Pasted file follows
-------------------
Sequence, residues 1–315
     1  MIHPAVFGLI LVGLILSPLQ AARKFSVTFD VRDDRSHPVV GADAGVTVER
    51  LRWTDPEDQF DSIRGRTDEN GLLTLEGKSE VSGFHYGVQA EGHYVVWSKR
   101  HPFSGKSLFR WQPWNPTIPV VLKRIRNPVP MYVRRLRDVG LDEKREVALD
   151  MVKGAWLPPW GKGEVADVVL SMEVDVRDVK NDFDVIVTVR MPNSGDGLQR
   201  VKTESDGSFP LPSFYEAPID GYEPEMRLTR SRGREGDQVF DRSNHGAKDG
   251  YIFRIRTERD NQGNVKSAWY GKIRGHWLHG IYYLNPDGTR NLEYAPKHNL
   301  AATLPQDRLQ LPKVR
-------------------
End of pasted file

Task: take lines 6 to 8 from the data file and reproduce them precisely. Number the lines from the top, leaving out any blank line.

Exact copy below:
   201  VKTESDGSFP LPSFYEAPID GYEPEMRLTR SRGREGDQVF DRSNHGAKDG
   251  YIFRIRTERD NQGNVKSAWY GKIRGHWLHG IYYLNPDGTR NLEYAPKHNL
   301  AATLPQDRLQ LPKVR